It helps you map the physical location of things like smoke and carbon monoxide detectors too since you know where the physical port is that it’s connected to. Nobody wants to constantly replace batteries in hundreds of IoT devices or not know when stuff is offline because the battery died. There are certainly not enough 120 volt AC outlets to plug in a bunch of IoT devices. Installing PoE solves a bunch of problems and for many people they are having to install Ethernet anyway.

    You can plug non-PoE equipment into PoE ports no problem too.

    • JamesWimberley

      Yes, The IoT vision of wireless networked sensors everywhere depends on finding a solution for energy harvesting from the environment, and SFIK the industry is not quite yet there. One more iteration in nanoprocessor design perhaps?

  • JamesWimberley

    The limit of the latest standard for PoE is 25 watts per circuit, so you can only really do this for a smallish setup like an office. It would not be nearly enough power for a supermarket. Still, the piggybacking on a existing standard and the involvement of an IT heavyweight like Cisco are good signs. The great obstacle to smarter homes and workplaces is technical fragmentation, with an unmanageable chaos of different and incompatible standards promoted by competing groups of vendors.

    • Kraylin

      “The great obstacle to smarter homes and workplaces is technical fragmentation”.

      I couldn’t agree more, we are currently building a smart home and of course chose one main provider to run the systems (music, tv’s/theatre, hvac, security system and cameras, as well as lighting). Even though we tried to pick a vendor from the “high end” there is only specific equipment that works “well” with their system. Additionally the standards simply keep changing. As I read articles like this I now find myself immediately thinking “Great idea, BUT, will it integrate well with the system we already have?”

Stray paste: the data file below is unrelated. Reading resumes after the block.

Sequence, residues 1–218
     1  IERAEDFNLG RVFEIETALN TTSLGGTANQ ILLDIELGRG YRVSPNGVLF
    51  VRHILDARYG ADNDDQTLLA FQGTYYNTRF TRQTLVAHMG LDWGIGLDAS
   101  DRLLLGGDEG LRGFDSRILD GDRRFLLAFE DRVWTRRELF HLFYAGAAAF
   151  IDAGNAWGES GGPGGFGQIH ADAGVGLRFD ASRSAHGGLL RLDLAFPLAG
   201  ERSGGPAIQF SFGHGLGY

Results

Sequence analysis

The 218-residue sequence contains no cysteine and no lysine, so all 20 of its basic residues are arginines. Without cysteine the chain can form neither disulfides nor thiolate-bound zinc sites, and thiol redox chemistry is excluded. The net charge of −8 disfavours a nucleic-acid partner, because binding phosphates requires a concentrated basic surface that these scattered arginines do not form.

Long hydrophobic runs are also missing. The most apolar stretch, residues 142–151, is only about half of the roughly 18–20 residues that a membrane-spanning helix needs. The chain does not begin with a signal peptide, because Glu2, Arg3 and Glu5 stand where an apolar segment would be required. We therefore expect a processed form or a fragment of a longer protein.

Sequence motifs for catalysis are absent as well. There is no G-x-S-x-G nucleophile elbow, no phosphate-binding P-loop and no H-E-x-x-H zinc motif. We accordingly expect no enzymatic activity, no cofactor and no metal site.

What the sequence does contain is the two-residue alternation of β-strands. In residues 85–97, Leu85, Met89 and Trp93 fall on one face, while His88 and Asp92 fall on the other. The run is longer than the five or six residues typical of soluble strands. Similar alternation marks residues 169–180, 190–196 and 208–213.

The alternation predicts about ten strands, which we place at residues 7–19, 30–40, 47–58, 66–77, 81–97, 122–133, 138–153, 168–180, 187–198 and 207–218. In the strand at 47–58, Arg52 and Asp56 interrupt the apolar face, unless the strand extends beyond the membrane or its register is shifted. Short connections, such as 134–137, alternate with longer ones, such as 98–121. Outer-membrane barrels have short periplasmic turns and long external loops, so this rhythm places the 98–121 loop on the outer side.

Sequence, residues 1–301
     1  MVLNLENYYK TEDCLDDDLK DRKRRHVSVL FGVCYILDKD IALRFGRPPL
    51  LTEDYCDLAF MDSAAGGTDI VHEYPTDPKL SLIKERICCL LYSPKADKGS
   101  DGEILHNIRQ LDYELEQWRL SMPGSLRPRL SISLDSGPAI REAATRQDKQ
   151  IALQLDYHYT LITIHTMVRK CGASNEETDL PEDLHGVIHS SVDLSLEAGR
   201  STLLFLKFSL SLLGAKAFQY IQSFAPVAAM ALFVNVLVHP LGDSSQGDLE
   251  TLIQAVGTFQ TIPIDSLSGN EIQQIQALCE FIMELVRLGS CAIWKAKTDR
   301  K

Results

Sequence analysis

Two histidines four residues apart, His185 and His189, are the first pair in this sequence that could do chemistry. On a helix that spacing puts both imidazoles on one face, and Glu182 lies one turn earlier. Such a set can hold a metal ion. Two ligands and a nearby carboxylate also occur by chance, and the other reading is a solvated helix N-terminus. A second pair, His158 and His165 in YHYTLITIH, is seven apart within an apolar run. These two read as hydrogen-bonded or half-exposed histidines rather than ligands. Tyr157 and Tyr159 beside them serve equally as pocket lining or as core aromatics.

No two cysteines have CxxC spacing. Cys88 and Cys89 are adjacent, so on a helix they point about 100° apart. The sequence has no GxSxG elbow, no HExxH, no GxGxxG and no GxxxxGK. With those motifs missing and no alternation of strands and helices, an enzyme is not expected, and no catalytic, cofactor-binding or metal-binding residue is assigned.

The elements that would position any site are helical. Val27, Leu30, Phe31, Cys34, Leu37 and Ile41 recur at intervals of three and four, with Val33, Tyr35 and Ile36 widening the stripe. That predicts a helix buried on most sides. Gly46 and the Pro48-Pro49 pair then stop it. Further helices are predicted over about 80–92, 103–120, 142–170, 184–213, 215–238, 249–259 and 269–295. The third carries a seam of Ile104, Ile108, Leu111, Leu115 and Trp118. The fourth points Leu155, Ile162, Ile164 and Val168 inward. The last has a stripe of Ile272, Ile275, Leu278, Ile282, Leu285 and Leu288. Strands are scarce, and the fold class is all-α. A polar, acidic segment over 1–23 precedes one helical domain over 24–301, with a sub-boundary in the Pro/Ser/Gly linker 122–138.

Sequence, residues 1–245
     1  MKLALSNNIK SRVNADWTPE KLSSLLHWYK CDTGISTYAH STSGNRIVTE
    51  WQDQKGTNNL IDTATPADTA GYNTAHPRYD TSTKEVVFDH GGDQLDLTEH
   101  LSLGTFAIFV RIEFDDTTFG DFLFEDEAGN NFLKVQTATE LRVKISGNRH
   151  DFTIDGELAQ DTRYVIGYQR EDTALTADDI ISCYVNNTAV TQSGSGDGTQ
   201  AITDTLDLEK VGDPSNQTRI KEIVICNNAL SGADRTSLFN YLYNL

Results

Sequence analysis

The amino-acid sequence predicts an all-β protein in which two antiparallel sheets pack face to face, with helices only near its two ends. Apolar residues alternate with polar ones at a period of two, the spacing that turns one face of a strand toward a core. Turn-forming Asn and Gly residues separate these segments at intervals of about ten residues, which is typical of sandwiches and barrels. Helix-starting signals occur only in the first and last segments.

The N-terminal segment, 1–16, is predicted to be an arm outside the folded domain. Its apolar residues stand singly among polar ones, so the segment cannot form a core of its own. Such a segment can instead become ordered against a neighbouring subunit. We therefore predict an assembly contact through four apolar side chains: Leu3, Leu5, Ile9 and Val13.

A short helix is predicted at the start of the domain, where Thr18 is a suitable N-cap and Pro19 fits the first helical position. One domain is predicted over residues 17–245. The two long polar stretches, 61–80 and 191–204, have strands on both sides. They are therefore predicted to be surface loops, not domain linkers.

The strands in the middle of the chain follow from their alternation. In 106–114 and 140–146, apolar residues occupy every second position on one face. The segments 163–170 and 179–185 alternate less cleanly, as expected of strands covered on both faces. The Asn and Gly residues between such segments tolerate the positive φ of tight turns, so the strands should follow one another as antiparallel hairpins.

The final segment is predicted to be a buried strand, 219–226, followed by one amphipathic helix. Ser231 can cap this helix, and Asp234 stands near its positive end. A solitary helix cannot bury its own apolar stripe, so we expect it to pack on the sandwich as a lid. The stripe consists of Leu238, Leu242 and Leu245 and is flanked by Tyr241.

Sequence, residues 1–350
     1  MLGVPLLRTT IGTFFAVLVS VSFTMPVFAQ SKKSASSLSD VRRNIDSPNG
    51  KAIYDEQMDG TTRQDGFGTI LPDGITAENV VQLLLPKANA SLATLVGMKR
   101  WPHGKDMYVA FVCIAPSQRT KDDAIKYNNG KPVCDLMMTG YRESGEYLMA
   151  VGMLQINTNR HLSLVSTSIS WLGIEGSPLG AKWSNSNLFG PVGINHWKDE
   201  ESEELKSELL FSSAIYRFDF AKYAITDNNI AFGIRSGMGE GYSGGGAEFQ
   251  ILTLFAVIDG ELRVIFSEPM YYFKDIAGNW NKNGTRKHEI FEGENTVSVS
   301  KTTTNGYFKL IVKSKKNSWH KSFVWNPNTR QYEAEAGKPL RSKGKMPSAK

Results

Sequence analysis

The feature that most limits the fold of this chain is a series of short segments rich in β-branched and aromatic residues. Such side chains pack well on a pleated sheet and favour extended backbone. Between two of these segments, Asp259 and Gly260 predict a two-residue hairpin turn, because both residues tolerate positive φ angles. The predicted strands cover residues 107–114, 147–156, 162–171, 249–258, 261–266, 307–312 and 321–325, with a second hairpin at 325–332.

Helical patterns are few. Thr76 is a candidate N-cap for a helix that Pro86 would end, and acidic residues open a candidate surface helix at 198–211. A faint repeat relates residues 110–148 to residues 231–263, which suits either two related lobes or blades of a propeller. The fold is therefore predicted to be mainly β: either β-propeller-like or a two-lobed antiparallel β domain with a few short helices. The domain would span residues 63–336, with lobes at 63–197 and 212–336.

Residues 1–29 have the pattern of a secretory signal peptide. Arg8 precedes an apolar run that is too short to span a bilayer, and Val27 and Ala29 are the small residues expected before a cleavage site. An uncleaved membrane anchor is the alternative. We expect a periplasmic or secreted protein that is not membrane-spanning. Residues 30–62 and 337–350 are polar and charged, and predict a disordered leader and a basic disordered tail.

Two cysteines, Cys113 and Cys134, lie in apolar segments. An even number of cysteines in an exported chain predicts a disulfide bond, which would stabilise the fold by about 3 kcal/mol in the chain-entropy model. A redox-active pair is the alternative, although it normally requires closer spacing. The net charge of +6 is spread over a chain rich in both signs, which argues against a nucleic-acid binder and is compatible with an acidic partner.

• Interesting. Makes sense that with the much lower power consumption of LEDs, most homes’ AC wiring going to light fixtures is way oversized!

    • GCO

      Except that the AC wiring is usually already in place, and for commercial buildings, often sized for energy-efficient (fluorescent) lighting already.

      Replacing basic power cables (2-wire bus, up to several kW per circuit at 240V) with Ethernet and PoE (8 wires, point-to-point / star topology, max 25 W per “circuit”) seems insanely wasteful.

      • newnodm

        The cree system is for new construction. Likely the occupancy sensor function ties to the HVAC, It looks way too complicated to be justified for just lighting.

      • Otis11

        That was my immediate thought – either they have to do 1 light-tube per connection (Meaning a ton of redundant wires) or they have to use non-standard Ethernet wires and equipment to violate the standard and provide more power per wire (which would require higher voltages as higher currents wouldn’t scale adequately… making it non-compatible with every other device.)

        I must be missing something – cuz this seems like a terrible idea…

      • milliamp

        But if you commit to both powering something and providing network connectivity to it you now have 2 problems to solve.

        People view wireless the same way the view magic and that’s far from being true. You only have some frequencies available to work with. They have transmit power, range, bandwidth, and interference limitations as well as constantly changing standards of a laundry list of different protocols.

        Frequencies good at penetrating and long range are bad at high bandwidth and subject to interference. High bandwidth frequencies are bad at penetrating obstacles.

        Cheap LED bulbs are hitting the 100 lumens/watt mark and 300lm/watt has been achieved in the lab. A 40 watt Fluorescent light is 2200 lumens, a 1500 lumen LED is 14 watts. At max efficiencies seen in the lab a 1500 lumen LED would be 5 watts.

        LED’s today have a built in power supply because they use DC power and lighting sockets are AC and this is something else PoE solves. You put one or 2 PoE switches in a room above a drop ceiling and the cable runs don’t have to be super long and the LED’s sued don’t need to convert power from an AC feed.

        You can even use the same network for workstations and telephones (and security cameras) instead of having to run a separate one.